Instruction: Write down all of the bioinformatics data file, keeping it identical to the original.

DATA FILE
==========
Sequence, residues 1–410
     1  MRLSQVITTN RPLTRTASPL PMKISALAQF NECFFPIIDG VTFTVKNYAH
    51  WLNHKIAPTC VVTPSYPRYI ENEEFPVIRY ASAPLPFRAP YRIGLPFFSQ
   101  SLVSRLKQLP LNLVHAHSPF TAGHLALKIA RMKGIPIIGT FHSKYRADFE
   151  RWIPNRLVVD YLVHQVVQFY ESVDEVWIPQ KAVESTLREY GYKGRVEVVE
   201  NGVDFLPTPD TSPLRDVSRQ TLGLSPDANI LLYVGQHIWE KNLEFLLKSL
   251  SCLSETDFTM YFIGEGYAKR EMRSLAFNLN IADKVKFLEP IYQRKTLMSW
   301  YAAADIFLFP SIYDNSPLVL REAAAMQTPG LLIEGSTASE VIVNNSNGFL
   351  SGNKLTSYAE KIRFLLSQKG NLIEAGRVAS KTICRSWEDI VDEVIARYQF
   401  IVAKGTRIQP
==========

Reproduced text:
Sequence, residues 1–410
     1  MRLSQVITTN RPLTRTASPL PMKISALAQF NECFFPIIDG VTFTVKNYAH
    51  WLNHKIAPTC VVTPSYPRYI ENEEFPVIRY ASAPLPFRAP YRIGLPFFSQ
   101  SLVSRLKQLP LNLVHAHSPF TAGHLALKIA RMKGIPIIGT FHSKYRADFE
   151  RWIPNRLVVD YLVHQVVQFY ESVDEVWIPQ KAVESTLREY GYKGRVEVVE
   201  NGVDFLPTPD TSPLRDVSRQ TLGLSPDANI LLYVGQHIWE KNLEFLLKSL
   251  SCLSETDFTM YFIGEGYAKR EMRSLAFNLN IADKVKFLEP IYQRKTLMSW
   301  YAAADIFLFP SIYDNSPLVL REAAAMQTPG LLIEGSTASE VIVNNSNGFL
   351  SGNKLTSYAE KIRFLLSQKG NLIEAGRVAS KTICRSWEDI VDEVIARYQF
   401  IVAKGTRIQP